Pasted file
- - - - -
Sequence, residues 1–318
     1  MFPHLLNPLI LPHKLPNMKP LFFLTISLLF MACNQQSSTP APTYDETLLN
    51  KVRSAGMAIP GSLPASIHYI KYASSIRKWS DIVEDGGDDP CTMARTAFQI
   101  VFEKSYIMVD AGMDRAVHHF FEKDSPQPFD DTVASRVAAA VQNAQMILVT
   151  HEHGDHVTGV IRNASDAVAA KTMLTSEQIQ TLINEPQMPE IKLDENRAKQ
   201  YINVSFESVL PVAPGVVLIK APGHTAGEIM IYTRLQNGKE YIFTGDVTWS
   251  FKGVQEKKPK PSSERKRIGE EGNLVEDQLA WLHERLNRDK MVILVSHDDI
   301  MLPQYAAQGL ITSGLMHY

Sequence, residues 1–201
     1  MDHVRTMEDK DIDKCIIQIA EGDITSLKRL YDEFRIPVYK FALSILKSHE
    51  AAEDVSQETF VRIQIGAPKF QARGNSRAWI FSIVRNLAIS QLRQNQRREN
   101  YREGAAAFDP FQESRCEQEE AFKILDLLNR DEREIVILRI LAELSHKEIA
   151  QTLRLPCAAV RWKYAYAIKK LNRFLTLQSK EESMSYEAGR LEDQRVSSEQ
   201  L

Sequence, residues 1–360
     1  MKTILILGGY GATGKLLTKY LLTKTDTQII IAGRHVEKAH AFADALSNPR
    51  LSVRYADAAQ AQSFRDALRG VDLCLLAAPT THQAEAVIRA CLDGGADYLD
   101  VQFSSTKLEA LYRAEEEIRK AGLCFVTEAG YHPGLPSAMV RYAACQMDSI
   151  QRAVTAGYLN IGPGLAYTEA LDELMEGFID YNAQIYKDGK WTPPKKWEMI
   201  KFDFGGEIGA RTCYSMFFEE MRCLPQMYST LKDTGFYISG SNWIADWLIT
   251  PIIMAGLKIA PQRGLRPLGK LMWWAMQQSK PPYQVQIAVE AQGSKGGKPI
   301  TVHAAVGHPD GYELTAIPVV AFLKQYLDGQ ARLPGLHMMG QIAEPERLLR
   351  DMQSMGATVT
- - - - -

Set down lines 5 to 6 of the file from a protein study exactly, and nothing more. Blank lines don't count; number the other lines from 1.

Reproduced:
   151  HEHGDHVTGV IRNASDAVAA KTMLTSEQIQ TLINEPQMPE IKLDENRAKQ
   201  YINVSFESVL PVAPGVVLIK APGHTAGEIM IYTRLQNGKE YIFTGDVTWS